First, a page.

As anyone can see, all the Orthodox kings have gone.  (Sadly, the barbarians seemed to have remained.)  Byzantium’s glory with which it once adorned the Cross has long departed, and the Church is once again being forced into the cultural catacombs.  But the true glory of the Cross remains.  Constantine did well to honour Christ’s people and His Cross, but the imperial glory which he shone upon the Cross was always doomed to fade, like the glory of every earthly empire.  The true and undimmed divine glory is that which comes from the Holy Spirit, resting upon those who suffer for their Master.  The Cross is not simply a wooden relic which can be lost to history.  It is a disciple’s determination to serve the Lord even at the cost of suffering, blood, and death.  When reproached for the bearing the name “Christian”, Christ’s disciples rejoice and count themselves blessed, for the Spirit of glory and of God rests upon them (1 Peter 4:14).  This is the true glory of the Cross.  The flowered crosses standing silently in the midst of our churches this week proclaim that abiding and martyric glory.

Tuesday, August 25, 2015

Chastity and Abstinence

Our present culture, speaking through a thousand movies, magazine articles, and television shows, takes it for granted that people will be sexually active, and that sexual activity has little or nothing to do with marriage.  This activity is called “hooking up”, and there is apparently a kind of behavioural code governing it—for example, one is required to check back with one’s sexual partner after a day or two to see how they are.  People not sexually active by the time they are twenty are regarded as abnormal, and as slightly comic, which is why “The Forty-Year-Old Virgin” is the subject and title of a comedy.  Avoiding sex before marriage is no longer regarded as required by all in respectable society, but as at least quixotic, and perhaps as slightly pathological.  What was once the virtue of chastity and self-control is now derided as evidence of retarded development, for all adults are sexual active, by definition.  Abstinence is not regarded as a laudable but impossible goal (like running a three-minute mile), but as a kind of defect or disorder (like an inability to see colour or experience taste).  She’s never ever had sex and she just turned twenty-one?  Poor thing.   Who can we fix her up with?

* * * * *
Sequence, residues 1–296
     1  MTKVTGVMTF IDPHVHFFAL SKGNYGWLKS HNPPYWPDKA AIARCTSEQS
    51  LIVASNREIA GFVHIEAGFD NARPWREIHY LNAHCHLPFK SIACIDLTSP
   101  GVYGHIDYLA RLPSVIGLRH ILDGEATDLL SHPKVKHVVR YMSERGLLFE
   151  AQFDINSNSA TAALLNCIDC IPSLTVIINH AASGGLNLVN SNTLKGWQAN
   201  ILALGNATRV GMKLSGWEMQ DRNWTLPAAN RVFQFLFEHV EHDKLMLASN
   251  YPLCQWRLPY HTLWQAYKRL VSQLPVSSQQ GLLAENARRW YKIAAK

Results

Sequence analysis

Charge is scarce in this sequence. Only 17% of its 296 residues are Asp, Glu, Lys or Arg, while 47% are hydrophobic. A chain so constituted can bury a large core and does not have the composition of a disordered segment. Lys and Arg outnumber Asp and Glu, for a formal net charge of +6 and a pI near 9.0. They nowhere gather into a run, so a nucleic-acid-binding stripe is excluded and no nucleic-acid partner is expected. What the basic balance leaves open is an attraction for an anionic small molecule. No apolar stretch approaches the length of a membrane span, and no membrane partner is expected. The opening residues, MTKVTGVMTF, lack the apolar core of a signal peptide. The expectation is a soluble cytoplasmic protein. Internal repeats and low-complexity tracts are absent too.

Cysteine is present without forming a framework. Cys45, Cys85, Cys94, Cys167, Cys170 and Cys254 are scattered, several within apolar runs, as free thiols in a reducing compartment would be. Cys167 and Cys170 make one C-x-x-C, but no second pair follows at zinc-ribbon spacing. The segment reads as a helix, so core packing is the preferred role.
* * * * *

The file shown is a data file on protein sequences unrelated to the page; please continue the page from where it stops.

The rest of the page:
The mores of present culture notwithstanding, the Church continues to insist that self-control is a virtue, that this virtue is attainable by anyone who really wants it, and that sexual activity is best experienced when confined to marriage.  As C.S. Lewis once observed (in his book Mere Christianity), this is so difficult and so contrary to our instincts that obviously either Christianity is wrong or our sexual instinct as it now is has gone wrong.   In our day, all our impulses, instincts, and desires are declared to be “natural”, and therefore good.  We “naturally” want to have sex, and so therefore we should.  We use the word “natural” as a term of unqualified approval—“natural” food is better than artificial food, and “natural” ways of getting exercise are preferred to artificial ones.  If something therefore is “natural” it by definition cannot be wrong.